Saturday, April 09, 2016

Corruption investigations in El Salvador

It may be getting tougher to get away with corruption in El Salvador.    Investigative journalism by online journalists like those at El Faro and RevistaFactum are regularly describing corruption.    The Probidad division of El Salvador's Supreme Court has open investigations against at least 9 high public officials including two former presidents.   El Salvador's new attorney general Douglas Meléndez has shown a willingness to pursue cases of corruption involving figures on both sides of the political spectrum.   

In twelve years of writing this blog, I don't think the amount of corruption has changed over that time.   But the amount of news coverage and the number of possible prosecutions certainly has increased in the past few years.   That's a good thing.

As the most recent example, the online periodical El Faro is one of the periodicals world wide participating in the disclosure of the so-called "Panama Papers."   The Panama Papers are a leaked set of 11 million documents from a Panamanian law firm which set up offshore corporations used to evade taxes and hide wealth of elites around the world.   According to El Faro, the Panamanian law firm helped the rich and powerful in El Salvador set up at least 200 secretive offshore corporations.    

El Faro has detailed how the owners of Telecorporación Salvadoreña (TCS), Channel 4, used a network of anonymous offshore corporations to buy up rights to international sports broadcasts.   Similarly it described how offshore corporations were used to hide ownership and links among businesses associated with José Miguel Antonio Menéndez Avelar, known as “Mecafé” who was a personal friend and financial supporter of ex-president Mauricio Funes.   We can expect more disclosures to come in future weeks and months as the Panama Papers are scrutinized by journalists and investigators.  

The new Attorney General of El Salvador Douglas Meléndez announced that he has opened an investigation into revelations in the Panama Papers and that if the leaked documents revealed crimes, there would be prosecutions.   On Friday his prosecutors in El Salvador seized more documents at an office in El Salvador of the law firm at the center of the Panama Papers matter:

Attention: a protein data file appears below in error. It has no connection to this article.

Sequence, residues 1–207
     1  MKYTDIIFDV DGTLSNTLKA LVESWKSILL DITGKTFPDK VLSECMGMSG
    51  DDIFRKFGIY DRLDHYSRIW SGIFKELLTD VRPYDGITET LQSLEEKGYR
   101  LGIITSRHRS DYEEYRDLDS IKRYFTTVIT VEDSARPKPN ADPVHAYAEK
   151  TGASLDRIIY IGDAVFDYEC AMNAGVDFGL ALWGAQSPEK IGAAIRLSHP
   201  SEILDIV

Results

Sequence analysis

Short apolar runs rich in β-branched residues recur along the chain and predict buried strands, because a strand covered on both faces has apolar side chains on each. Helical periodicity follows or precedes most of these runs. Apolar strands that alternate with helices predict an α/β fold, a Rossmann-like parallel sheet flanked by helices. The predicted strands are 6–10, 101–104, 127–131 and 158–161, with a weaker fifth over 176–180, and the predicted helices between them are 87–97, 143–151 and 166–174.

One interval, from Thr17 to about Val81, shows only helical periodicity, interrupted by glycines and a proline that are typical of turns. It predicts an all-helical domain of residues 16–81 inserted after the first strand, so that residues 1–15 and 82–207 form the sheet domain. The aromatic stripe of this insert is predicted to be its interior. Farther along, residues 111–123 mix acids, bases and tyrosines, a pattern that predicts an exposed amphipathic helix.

Authorities in El Salvador have raided the local offices of law firm Mossack Fonseca and seized documents and equipment, according to the office of the country's attorney general.   The Panama-based law firm is at the centre of an international data leak scandal - dubbed the Panama Papers - that has embarrassed several world leaders and highlighted the shadowy world of offshore companies. 
Attorney General Douglas Melendez, who personally oversaw Friday's raid, said that the government decided to sweep the offices after noticing Mossack Fonseca had removed its office sign late on Thursday, which raised suspicions....
 El Salvador's government seized about 20 computers, some documents and interviewed seven employees, but did not detain anyone, Melendez said. 
"At this moment we cannot speak about [any] crimes; all we can do at this moment is our job," he said.  He said that the government would analyse all the confiscated information and examine its financial, accounting and legal aspects.  He said it appears the law firm's local affiliate helped process information for clients worldwide.
In addition to the Panama Papers revelations, investigative journalists are currently writing about links between El Salvador's vice president Oscar Ortiz and a Salvadoran drug kingpin known as Chepe Diablo.   Héctor Silva Ávalos and Súchit Chávez at RevistaFactum and La Prensa Grafica wrote the story as republished in English at InsightCrime:
In June 2000, Óscar Samuel Ortiz -- the mayor of the town of Santa Tecla at the time and current vice president of El Salvador -- founded a real estate company with José Adán Salazar Umaña, alias "Chepe Diablo," who the United States listed as a drug trafficking kingpin in 2014.... 
Salazar Umaña's and Ortiz's names have appeared together since 2000, when both men set up, in collaboration with a third associate, a company dedicated to buying and selling property: the Montecristo Development Society (Desarrollos Montecristo). The society was established at noon on June 20, 2000. Ortiz had been sworn in as mayor of Santa Tecla for the Farabundo Martí National Liberation Front (Frente Farabundo Martí para la Liberación Nacional - FMLN) political party a few weeks earlier, on June 1. 
Those days were, for Ortiz, the beginning of a political career that led him to be re-elected four times as Santa Tecla's mayor and eventually become one of the most important figures in the leftist party. In 2014, he became the vice president of the Republic of El Salvador. 
Nowadays, Ortiz is perhaps the most important politician in President Salvador Sánchez Cerén's administration: he is the public face of the public security strategy and, on many occasions, he fills the role of head of state.
You can read all about Chepe Diablo here.   Mike Allison at Central America Politics blog writes about the allegations against Ortiz: